Next, I turned my attention to jacket potatoes. Cooking a 360g potato using the automatic 400g Potato setting took 8mins (plus 1min standing time). The interior got quite steamy during cooking and the potato came out looking a bit deflated and wrinkly. My temperature gauge showed a 98°C internal temperature, and there was little resistance when cutting the potato open, with its core appearing white-hot on the thermal camera. Yet, the potato wasn’t too mushy and still had some bite to it.
I used the C-1 combi mode (55% microwave/45% grill) to cook a 330g potato for 15mins. The manual encourages the use of the wire rack here, which proved handy in terms of keeping the potato close to the heat source as well as providing nice grill lines. The recommendation to turn the food over from time to time is also emphasised in the manual, so I flipped the potato after 7mins30secs.
Although its skin was still a little wrinkled, the top of the potato came out crispy. The core, which measured 94°C, looked white-hot on the thermal camera and was pleasantly mushy, indicating the potential for an even briefer cooking time.
As the manual describes the grill setting as best for thin slices of meat, skewers, sausages, etc, I also used it to cook some frankfurters on the wire rack. While the frankfurters seemed done after about 8mins – with their skin starting to split – they didn’t really brown at all, even after I left them under the grill for another 7mins.
Should you buy it?
If you want an affordable combi microwave with a turntable, then this is a decent choice.
If you want more features and automatic programmes, look elsewhere.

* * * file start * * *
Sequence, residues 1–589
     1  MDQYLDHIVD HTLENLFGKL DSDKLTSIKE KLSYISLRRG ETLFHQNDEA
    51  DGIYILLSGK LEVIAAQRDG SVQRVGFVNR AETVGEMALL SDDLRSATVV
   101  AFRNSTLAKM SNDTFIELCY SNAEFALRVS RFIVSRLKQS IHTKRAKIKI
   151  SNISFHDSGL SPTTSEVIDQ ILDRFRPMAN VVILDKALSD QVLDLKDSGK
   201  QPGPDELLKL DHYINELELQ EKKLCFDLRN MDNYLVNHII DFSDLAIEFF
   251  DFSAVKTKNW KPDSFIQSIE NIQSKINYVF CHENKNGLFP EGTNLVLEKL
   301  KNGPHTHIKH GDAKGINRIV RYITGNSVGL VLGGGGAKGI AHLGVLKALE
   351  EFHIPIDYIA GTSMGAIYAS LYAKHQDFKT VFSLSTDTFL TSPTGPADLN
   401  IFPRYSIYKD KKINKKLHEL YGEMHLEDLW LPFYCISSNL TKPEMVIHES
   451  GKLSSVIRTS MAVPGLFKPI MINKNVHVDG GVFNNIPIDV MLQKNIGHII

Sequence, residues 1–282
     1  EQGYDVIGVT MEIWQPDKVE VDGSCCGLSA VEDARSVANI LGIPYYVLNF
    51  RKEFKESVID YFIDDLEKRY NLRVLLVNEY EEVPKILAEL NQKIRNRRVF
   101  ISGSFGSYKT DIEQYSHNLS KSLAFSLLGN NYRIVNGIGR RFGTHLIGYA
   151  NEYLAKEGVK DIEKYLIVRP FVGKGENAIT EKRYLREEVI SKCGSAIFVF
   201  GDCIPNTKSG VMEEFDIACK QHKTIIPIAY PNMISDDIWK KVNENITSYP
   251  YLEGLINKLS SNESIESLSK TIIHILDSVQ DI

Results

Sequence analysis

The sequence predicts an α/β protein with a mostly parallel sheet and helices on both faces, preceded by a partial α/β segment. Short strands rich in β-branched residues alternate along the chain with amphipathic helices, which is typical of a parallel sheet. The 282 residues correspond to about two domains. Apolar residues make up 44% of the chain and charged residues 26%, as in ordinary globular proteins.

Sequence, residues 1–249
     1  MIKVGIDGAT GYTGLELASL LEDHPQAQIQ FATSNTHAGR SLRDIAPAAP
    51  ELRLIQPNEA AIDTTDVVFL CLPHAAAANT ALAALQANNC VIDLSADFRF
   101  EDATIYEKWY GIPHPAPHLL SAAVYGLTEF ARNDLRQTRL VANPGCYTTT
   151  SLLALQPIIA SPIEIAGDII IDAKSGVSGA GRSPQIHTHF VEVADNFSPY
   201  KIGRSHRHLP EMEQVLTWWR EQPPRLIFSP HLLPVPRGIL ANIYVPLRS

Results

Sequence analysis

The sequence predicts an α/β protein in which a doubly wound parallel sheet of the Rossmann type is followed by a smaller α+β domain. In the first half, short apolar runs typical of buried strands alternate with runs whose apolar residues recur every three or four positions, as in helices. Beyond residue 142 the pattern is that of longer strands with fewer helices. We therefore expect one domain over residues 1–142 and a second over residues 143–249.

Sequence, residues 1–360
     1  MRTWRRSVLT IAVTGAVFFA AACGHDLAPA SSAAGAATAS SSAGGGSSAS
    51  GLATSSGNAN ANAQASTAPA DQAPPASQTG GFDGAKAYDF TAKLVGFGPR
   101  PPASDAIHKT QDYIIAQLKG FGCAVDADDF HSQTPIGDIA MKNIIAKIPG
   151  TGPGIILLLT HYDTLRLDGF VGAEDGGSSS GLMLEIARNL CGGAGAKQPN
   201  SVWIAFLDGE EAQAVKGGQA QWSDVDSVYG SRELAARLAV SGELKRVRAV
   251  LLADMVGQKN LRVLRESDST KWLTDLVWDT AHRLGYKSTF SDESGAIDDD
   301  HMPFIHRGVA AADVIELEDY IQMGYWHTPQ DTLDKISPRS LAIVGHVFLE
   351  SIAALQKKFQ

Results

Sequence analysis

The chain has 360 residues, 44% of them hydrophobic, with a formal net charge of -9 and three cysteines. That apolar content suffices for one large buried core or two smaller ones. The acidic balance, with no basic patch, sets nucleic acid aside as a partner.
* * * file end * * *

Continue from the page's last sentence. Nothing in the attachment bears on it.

The Hisense H28MOBS8HGUK is a decent affordable combi microwave. Unlike its closest rival – the slightly pricier Hotpoint MWH 26321 MB flatbed microwave – the H28MOBS8HGUK doesn’t come with a crisp plate and extra auto programmes with recipes, but it delivers mostly well-cooked results in an equally timely manner.
How we test
Unlike other sites, we test every microwave we review thoroughly over an extended period of time. We use industry standard tests to compare features properly. We’ll always tell you what we find. We never, ever, accept money to review a product.
Find out more about how we test in our ethics policy.
Used as our main microwave for the review period
We use a thermal camera to see how well the microwave can defrost frozen bread, using the defrost setting and any automatic programmes.
We cook a baked potato using just the microwave setting and, if available, another using the combi setting.
If there’s a grill option, we toast bread to see how evenly it cooks.
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It has a grill, too.
There’s an internal capacity of 28-litres, which is enough for most plates.
No, it has a turntable.